This past weekend, I had what is possibly the most beautiful experience of my life. It was an unplanned, unexpected God-moment. I was in an idyllic mountain town in North Carolina with some girlfriends--a much needed weekend away. We were spending the day exploring the little town--a quiet, unassuming, fairy tale-like town; the kind of town that had existed only in my imagination before that day.
As we came to the end of the main street, we noticed an old church. It was obviously historic, so we took pictures of the outside, and one of us wandered up to the charming wood doors. She motioned us to come, and we all quietly approached the door to see a sign that read something like this: "Church choir practicing, visitors welcome to come in and listen." As we neared the door, we heard the strains of a traditional Sacred chorale piece being rehearsed inside. We filed into the small church, which had wooden floors and pews, and saw that the choir director was sitting at an old pipe organ with the choir members casually standing around him, eyes focused on their sheets of music. He played and directed from the pipe organ, and although they stopped and started (they WERE practicing), the experience was reverent. Beautiful. Sacred. Traditional. Holy.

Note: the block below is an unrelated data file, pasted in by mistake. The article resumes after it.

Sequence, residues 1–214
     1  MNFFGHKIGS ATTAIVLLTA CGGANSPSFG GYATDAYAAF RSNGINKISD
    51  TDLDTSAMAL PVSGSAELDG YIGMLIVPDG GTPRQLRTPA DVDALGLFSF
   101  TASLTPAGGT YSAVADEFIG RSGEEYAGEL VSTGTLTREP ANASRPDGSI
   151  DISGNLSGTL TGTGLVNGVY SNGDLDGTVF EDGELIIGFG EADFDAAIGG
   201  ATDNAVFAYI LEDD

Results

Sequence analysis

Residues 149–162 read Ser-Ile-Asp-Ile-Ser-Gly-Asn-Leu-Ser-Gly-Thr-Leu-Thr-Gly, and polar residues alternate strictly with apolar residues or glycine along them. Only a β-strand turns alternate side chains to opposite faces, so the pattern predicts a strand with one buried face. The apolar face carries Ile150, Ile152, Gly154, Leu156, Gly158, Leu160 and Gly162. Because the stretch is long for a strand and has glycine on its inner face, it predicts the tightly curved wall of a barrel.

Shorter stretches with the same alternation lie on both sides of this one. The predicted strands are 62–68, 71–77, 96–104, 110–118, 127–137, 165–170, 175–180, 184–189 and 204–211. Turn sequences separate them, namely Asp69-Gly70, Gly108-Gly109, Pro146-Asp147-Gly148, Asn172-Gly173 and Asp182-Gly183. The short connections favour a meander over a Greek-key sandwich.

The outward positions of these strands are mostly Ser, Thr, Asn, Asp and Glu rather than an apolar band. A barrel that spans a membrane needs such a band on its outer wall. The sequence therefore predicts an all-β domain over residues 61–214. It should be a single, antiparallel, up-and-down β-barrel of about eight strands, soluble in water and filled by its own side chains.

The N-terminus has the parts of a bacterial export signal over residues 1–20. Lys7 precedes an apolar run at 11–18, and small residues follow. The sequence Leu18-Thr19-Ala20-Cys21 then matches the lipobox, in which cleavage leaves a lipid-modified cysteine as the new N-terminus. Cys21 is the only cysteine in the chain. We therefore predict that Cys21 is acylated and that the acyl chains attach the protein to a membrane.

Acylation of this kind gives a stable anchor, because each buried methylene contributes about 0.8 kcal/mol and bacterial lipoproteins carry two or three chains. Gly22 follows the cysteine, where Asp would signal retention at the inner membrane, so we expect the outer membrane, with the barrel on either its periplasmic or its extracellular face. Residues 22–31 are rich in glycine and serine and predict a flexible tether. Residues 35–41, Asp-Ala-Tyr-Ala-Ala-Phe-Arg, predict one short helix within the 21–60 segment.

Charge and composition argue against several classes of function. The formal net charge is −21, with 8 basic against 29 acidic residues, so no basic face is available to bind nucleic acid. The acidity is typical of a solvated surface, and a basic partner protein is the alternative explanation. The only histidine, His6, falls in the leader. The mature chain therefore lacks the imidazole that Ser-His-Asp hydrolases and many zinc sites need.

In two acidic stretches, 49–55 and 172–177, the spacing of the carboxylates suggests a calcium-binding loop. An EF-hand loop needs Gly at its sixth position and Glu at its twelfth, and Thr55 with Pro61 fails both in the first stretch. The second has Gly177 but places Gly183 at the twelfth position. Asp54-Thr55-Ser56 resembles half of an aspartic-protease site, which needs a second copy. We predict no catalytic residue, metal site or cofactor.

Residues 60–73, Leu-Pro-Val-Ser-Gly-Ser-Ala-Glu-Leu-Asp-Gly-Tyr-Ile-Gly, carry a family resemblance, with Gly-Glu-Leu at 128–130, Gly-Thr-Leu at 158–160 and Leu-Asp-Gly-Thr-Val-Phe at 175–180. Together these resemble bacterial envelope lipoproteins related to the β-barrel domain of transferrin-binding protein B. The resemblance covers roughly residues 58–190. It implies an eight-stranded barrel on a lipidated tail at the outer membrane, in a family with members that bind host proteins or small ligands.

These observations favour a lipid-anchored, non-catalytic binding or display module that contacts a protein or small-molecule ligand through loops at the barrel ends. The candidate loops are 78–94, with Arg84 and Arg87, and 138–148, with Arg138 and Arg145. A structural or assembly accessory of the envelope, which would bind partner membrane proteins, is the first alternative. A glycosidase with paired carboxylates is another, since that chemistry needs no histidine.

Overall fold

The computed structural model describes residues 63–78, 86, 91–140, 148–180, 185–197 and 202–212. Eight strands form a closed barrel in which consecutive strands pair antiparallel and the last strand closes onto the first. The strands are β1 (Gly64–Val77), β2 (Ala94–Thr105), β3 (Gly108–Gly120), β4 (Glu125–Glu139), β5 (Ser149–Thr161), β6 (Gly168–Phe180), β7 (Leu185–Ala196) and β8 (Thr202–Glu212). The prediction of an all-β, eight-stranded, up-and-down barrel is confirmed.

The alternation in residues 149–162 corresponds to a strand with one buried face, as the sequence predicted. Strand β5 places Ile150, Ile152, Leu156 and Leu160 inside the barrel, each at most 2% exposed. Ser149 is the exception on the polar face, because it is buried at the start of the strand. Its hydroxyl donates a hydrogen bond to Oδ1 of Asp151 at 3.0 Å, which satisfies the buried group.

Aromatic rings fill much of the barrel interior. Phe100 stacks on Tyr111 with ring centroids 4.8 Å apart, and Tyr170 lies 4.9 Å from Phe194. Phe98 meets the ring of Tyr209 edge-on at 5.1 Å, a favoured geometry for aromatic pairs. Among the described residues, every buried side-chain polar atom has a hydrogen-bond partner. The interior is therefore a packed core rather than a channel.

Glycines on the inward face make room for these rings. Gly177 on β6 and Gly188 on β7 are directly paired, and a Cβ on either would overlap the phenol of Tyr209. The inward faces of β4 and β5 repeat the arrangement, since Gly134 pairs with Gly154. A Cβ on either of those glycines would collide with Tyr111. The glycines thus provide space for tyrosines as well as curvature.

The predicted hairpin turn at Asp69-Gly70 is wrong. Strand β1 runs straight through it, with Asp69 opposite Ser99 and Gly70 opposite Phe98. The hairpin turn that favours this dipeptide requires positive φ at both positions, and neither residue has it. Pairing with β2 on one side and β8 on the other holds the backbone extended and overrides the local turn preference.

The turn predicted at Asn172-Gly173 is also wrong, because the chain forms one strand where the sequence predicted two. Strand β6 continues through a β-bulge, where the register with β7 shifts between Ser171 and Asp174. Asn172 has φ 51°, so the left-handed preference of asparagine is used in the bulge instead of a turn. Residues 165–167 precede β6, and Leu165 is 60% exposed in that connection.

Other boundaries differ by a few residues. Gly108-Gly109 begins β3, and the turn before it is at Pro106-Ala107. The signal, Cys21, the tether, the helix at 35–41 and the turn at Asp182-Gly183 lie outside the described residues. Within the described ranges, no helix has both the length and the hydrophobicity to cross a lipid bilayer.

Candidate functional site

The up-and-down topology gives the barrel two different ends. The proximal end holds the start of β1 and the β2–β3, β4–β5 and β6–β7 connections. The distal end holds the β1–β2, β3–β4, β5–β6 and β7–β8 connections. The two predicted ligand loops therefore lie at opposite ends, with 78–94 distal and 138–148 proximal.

The lights in the church were cozy, the ceiling was high with wood rafters. The fall weather was cool outside, and the beams of the weak autumn sun filtered softly through the church windows. We didn't speak. We listened. I can't even tell you what the song said, but it was about my Savior. It was about their Savior. Any walls that I had in my mind about traditional church or liturgy came down. I was reminded that sometimes, in our attempt to make church like-able to the masses, we lose the hushed reverence that God deserves.
My heart cannot forget, and my soul is still touched by the simplicity and reverence that I felt there in those quiet moments.